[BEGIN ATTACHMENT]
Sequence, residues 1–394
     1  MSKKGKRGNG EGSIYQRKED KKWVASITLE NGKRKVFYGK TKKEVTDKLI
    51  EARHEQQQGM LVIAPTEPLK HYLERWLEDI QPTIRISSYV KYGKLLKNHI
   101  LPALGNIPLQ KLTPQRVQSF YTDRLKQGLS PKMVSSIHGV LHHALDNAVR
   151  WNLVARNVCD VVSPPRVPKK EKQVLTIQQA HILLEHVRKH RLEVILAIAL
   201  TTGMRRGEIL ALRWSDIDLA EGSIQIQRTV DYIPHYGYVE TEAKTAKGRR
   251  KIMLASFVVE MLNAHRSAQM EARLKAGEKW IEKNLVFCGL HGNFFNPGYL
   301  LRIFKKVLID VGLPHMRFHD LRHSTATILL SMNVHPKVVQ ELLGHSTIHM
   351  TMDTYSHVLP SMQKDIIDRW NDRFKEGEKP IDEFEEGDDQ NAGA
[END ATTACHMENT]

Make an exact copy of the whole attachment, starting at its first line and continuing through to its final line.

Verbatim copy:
Sequence, residues 1–394
     1  MSKKGKRGNG EGSIYQRKED KKWVASITLE NGKRKVFYGK TKKEVTDKLI
    51  EARHEQQQGM LVIAPTEPLK HYLERWLEDI QPTIRISSYV KYGKLLKNHI
   101  LPALGNIPLQ KLTPQRVQSF YTDRLKQGLS PKMVSSIHGV LHHALDNAVR
   151  WNLVARNVCD VVSPPRVPKK EKQVLTIQQA HILLEHVRKH RLEVILAIAL
   201  TTGMRRGEIL ALRWSDIDLA EGSIQIQRTV DYIPHYGYVE TEAKTAKGRR
   251  KIMLASFVVE MLNAHRSAQM EARLKAGEKW IEKNLVFCGL HGNFFNPGYL
   301  LRIFKKVLID VGLPHMRFHD LRHSTATILL SMNVHPKVVQ ELLGHSTIHM
   351  TMDTYSHVLP SMQKDIIDRW NDRFKEGEKP IDEFEEGDDQ NAGA